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Kinematics in Two Dimensions Chapter 3 Expectations After Chapter 3, students will: generalize the concepts of displacement, velocity, and acceleration from one to two dimensions use the projectile-motion principle to analyze two-dimensional constant-acceleration problems apply the kinematic equations to solve constant- acceleration problems in two dimensions add relative velocities in two dimensions Two-Dimensional Displacement Sologdin the Turtle moves in y the X-Y plane from the point (x0, y0) to the point (x0, y0) (x1, y1). R0 R1 and R2 are vectors from the origin to his starting and finishing point, respectively. R1 (x1, y1) x Two-Dimensional Displacement Sologdin’s displacement y vector D is the vector that extends from the starting of (x0, y0) his motion to its endpoint. R0 In keeping with our Chapter 2 D definition of displacement, we will define Sologdin’s displacement by R1 (x1, y1) D R1 R0 x Two-Dimensional Displacement We can see the truth of this by solving for R1: y D R1 R0 R1 R0 D (x0, y0) Our picture shows this addition being done, R0 graphically. D R1 (x1, y1) x Two-Dimensional Displacement Since both R0 and R1 start at y the origin, it is very easy to write down the magnitudes of their X and Y (x0, y0) components: R0 R0 X x0 R0Y y0 D R1 X x1 R1Y y1 R1 (x1, y1) x Two-Dimensional Displacement Now we perform the y subtraction by subtracting the component magnitudes: (x0, y0) D R1 R0 R0 DX R1 X R0 X x1 x0 D DY R1Y R0Y y1 y0 The magnitude of D: R1 (x1, y1) D DX DY 2 2 x D x1 x0 y1 y0 2 2 Two-Dimensional Displacement x1 – x0 The direction of D is more clearly seen if we translate D so that its +X starting point is at the origin. (Remember that vectors are not changed by translating them.) y1 – y0 D We can always write DY y1 y0 tan DX x1 x0 -Y y1 y0 arctan x x 1 0 Two-Dimensional Displacement y1 y0 arctan x x x1 – x0 1 0 +X We used the absolute value signs here because we want simply the lengths of the two legs of the y1 – y0 D right triangle. The sense of the angle is apparent from the drawing. We would describe the direction of D as “60° below the positive X axis,” or “60° -Y clockwise from +X.” Two-Dimensional Velocity y t = t0 Let’s return to the travels of Sologdin … and this time, (x0, y0) we’ll use our stopwatch. R0 Solgdin’s journey begins at D time t0, and ends at a later t = t1 time t1. R1 (x1, y1) x Two-Dimensional Velocity y Sologdin’s average velocity is t = t0 a vector. Its magnitude is the magnitude of his displacement, D, divided by V the elapsed time: R0 D D v t = t1 t1 t0 R1 Its direction is the same as the x direction of the displacement vector. Two-Dimensional Velocity y Sologdin’s average speed is t = t0 not merely the magnitude of his average velocity. Let V S be the curvilinear length R0 of his meandering path. Then his average speed is D t = t1 S ave. speed t1 t0 R1 Note that his average speed x exceeds his average velocity. Two-Dimensional Velocity The critical difference between speed and velocity: Consider the race car that wins the Indianapolis 500. It completes 200 laps at 2.5 miles each in 2.75 hours. Its average speed is 500 mi / 2.75 hr = 182 mi/hr. What is its average velocity? Two-Dimensional Velocity What is its average velocity? Zero magnitude; pick a direction. Its displacement is zero (the race both starts and ends at the start- finish line). And zero divided by any amount of time yields a magnitude of zero for the average velocity. Two-Dimensional Acceleration A truck travels east at 12 m/s. Following a bend in the road, the truck turns so that it is headed north, still at 12 m/s. The truck spends 8.0 s negotiating the curve. What is its average acceleration? y (north) From the definition of acceleration: -V0 v1 v0 a V1 – V0 V1 t Here, we have graphically added V0 -v0 to v1. x (east) Two-Dimensional Acceleration Having obtained v1 - v0, we need to multiply that vector by the scalar 1/t to obtain a: a v1 v0 2 2 12 m/s2 12 m/s2 y t 8.0 s (north) a 2.1 m/s2 -V0 a V1 V1 – V0 V0 x (east) Two-Dimensional Acceleration The direction of a is the same as the direction of v1 - v0. Since the magnitudes of v1 and v0 are equal, we can write y v0 (north) tan 1 v1 -V0 arctan1 45 a V1 V1 – V0 So, the average acceleration is 2.1 m/s2, 45° west of north. V0 x (east) Note that the speed did not change – only the direction. Projectile Motion A projectile is something that is launched or thrown. v0y v0 In the general case, it has a nonzero horizontal component of initial v0x velocity. Projectile Motion In most cases, the projectile experiences a negative vertical acceleration (g, due to gravity). In most cases (assuming we can ignore resistance due to the air), the projectile experiences zero horizontal acceleration. Its horizontal velocity is constant. The general approach to all problems of this kind: apply the kinematic equations separately to the vertical and horizontal motion. Projectile Motion: Example Illustrative example: the golfer in the picture has launched his ball with an initial velocity of 45 m/s, 31° above the horizontal. We will analyze the flight of the ball, in order to be able to say: How far will the ball “carry” over level ground? How high above the ground will the ball reach at its highest point? What is the total time the ball will be in the air? Projectile Motion: Example y First step: resolve the ball’s initial velocity into horizontal and vertical components. v0 x v0 cos v0 v0 y v0 sin v0y 30 v0x x Projectile Motion: Example y Keep firmly in mind that v0y is not going v0 x v0 cos to remain constant … v0 y v0 sin but that v0x will. v0 v0y 30 v0x x Projectile Motion: Example During the time the ball y takes to rise vertically, v0 x v0 cos stop vertically, and fall vertically back to the v0 y v0 sin ground, the ball moves horizontally with constant velocity. v0 v0y We must determine just 30 how long that time of v0x x flight is. Projectile Motion: Example Vertically, the ball obeys the first kinematic equation: v v0 at In our case, the initial vertical velocity is: v0 y v0 sin The acceleration is downward: g, the acceleration due to gravity. If we define our coordinate system with +Y pointing up, we rewrite the first kinematic equation: vy v0 y gt v0 sin gt Projectile Motion: Example In terms of its vertical motion, the ball stops momentarily at the top of its trajectory. We also showed, in chapter 2, that its vertical travel is symmetric: it rises for half the time of flight, and falls for half the time. So, if t is the full time of flight, we can rewrite our kinematic equation for the upward travel by setting the final (y) velocity to zero: 1 1 v y v0 y g t v0 sin g t 0 2 2 Projectile Motion: Example Solving for t, the total time of flight: 1 g v0 sin g t 0 t v0 sin 2 2 2v0 sin 245 m/ssin 31 t 2 4.730 s g 9.8 m/s Projectile Motion: Example The ball’s horizontal motion is governed by another kinematic equation: 1 2 x v0t at 2 In the horizontal, however, the acceleration is zero, and the initial velocity is v v cos 0x 0 so we can rewrite our equation: x v0 cos t 45 m/s cos 31 4.730 s 182 m Projectile Motion: Example How high does the ball go at the top of its trajectory? Recall that we already calculated the total time of flight: t = 4.730 s. Recall also that the ball spent half that time falling (with zero initial vertical velocity) from its highest point. How far did it fall? Projectile Motion: Example We can calculate this maximum height directly from the third kinematic equation: 1 2 y v0 y t gt 2 Notice that the initial y velocity (for the falling part of the trajectory) is zero, reducing the equation to: 2 1 2 1 y gt 9.8 m/s 2 4.730 s 27 m 2 2 2 The time we used was half the time-of-flight, t. Parametric Representation of a Trajectory So far, we have written both x and y as independent functions of time, t. We can combine these descriptions to express y as a function of x: the equation of the projectile’s trajectory. Suppose our object is launched from the origin: x = y = 0. Then: x v cos t 0 (1) y v0 sin t gt 1 2 (2) 2 Parametric Representation of a Trajectory Solve eq’n (1) for t: x v0 cos t x t v0 cos Substitute this result for t in eq’n. 2: v0 sin x 1 g 2 x y v0 cos 2 v0 cos gx 2 y x tan 2v0 cos2 2 Parametric Representation of a Trajectory trajectory 30 25 20 y, m 15 10 5 0 0 20 40 60 80 100 120 140 160 180 200 x, m Projectile Motion: Things to Remember Basic principle: the vertical motion and the horizontal motion are treated separately. In the vertical motion, there is acceleration (usually, g). In the horizontal motion, acceleration is zero and velocity is constant. Resolve the initial velocity into horizontal and vertical components. Apply the kinematic equations to each motion, separately. If “g” appears in an equation with “x”, slap your own hand. Relative Motion Consider an airplane flying through air, when the air is in motion relative to the ground (wind). The wind is blowing eastward. The pilot points his airplane straight north. In what direction does the airplane move over the ground? How fast does it go? (In other words, what is the airplane’s velocity over the ground … magnitude and direction?) Relative Motion Principle of relative velocity: vplane - ground vplane - air vair - ground y (north) va-g Suppose the airplane’s speed through the air is vp-a vp-g 55 m/s, and the air moves over the ground with a wind speed of 8.9 m/s. x (east) Relative Motion Velocity of plane over ground y (north) Magnitude (speed): va-g vp g vp a va g 2 2 vp g 55 m/s 2 8.9 m/s 2 56 m/s vp-g Direction: vp-a va g arctan arctan 8.9 m/s 9.2 55 m/s vp a (9.2° east of north) x (east)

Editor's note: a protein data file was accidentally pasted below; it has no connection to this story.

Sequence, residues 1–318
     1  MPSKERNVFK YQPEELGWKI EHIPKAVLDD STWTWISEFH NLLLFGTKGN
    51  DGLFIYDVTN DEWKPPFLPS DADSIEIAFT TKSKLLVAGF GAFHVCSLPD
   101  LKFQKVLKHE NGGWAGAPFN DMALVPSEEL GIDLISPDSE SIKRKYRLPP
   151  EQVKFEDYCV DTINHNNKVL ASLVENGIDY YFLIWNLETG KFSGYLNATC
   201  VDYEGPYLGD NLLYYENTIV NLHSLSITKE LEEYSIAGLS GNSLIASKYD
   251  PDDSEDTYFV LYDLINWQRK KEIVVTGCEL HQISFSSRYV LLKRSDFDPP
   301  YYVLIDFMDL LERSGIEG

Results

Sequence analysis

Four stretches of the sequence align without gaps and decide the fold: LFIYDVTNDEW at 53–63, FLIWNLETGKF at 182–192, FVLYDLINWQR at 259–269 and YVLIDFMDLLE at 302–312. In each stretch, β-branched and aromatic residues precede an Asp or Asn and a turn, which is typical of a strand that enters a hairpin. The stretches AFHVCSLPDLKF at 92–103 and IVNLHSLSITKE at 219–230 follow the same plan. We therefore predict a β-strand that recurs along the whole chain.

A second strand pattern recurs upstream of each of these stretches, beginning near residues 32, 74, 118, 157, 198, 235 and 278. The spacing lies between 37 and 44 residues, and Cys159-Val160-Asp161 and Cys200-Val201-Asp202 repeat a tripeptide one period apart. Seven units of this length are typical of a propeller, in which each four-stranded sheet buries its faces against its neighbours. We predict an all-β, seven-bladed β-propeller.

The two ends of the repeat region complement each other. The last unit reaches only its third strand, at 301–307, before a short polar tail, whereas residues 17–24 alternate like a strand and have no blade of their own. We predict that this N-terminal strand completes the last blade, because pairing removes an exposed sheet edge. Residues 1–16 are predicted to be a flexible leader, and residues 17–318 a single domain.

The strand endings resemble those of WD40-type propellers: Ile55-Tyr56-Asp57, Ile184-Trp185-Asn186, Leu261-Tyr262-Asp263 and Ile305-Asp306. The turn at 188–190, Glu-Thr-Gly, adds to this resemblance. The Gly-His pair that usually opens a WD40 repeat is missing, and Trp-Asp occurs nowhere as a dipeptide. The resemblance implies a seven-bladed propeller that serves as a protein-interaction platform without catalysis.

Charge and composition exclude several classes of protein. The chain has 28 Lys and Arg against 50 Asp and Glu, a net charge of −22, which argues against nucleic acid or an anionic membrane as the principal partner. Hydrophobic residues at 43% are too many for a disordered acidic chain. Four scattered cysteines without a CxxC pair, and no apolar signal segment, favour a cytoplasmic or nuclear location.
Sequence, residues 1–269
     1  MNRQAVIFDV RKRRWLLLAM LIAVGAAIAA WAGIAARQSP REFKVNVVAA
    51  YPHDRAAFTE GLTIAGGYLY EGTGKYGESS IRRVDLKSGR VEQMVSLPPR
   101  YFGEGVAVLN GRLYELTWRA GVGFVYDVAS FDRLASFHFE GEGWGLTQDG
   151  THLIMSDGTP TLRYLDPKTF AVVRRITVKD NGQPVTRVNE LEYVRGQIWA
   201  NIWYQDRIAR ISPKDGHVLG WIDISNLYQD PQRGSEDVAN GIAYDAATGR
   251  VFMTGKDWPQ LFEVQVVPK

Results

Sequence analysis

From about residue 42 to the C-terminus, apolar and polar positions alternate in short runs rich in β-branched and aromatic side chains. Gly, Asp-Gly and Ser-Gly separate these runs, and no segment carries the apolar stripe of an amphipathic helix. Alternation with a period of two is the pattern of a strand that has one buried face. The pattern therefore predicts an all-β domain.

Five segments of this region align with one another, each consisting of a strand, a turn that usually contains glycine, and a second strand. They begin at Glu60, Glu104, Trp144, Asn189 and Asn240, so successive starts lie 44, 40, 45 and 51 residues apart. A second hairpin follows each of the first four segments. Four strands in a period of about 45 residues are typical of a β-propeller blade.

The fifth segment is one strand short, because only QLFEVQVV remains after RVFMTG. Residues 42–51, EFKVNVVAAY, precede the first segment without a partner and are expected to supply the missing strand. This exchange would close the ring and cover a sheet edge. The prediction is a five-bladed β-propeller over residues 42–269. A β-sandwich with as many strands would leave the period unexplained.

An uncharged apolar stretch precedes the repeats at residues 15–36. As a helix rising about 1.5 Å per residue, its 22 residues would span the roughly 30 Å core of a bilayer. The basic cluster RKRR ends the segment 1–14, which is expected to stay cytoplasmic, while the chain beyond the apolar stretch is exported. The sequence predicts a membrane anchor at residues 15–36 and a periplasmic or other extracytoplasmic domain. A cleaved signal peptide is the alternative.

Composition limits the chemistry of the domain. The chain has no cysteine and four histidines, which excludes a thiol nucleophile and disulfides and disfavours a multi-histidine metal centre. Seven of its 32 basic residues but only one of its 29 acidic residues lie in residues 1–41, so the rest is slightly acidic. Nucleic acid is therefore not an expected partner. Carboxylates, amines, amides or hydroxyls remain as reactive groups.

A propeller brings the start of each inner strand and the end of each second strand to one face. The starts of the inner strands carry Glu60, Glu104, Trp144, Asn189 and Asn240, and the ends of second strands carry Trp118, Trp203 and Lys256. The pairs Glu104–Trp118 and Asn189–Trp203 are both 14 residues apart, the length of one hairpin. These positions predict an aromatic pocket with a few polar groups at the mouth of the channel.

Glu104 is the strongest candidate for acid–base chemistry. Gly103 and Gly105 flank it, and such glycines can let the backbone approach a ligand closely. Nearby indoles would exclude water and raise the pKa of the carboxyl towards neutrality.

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File Format, Adobe Acrobat, Projectile Motion, physics kinematics, Dimensional Kinematics, one dimension, two-dimensional kinematics, dimensional motion, One-Dimensional Kinematics, Introductory Physics

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posted: | 4/4/2011 |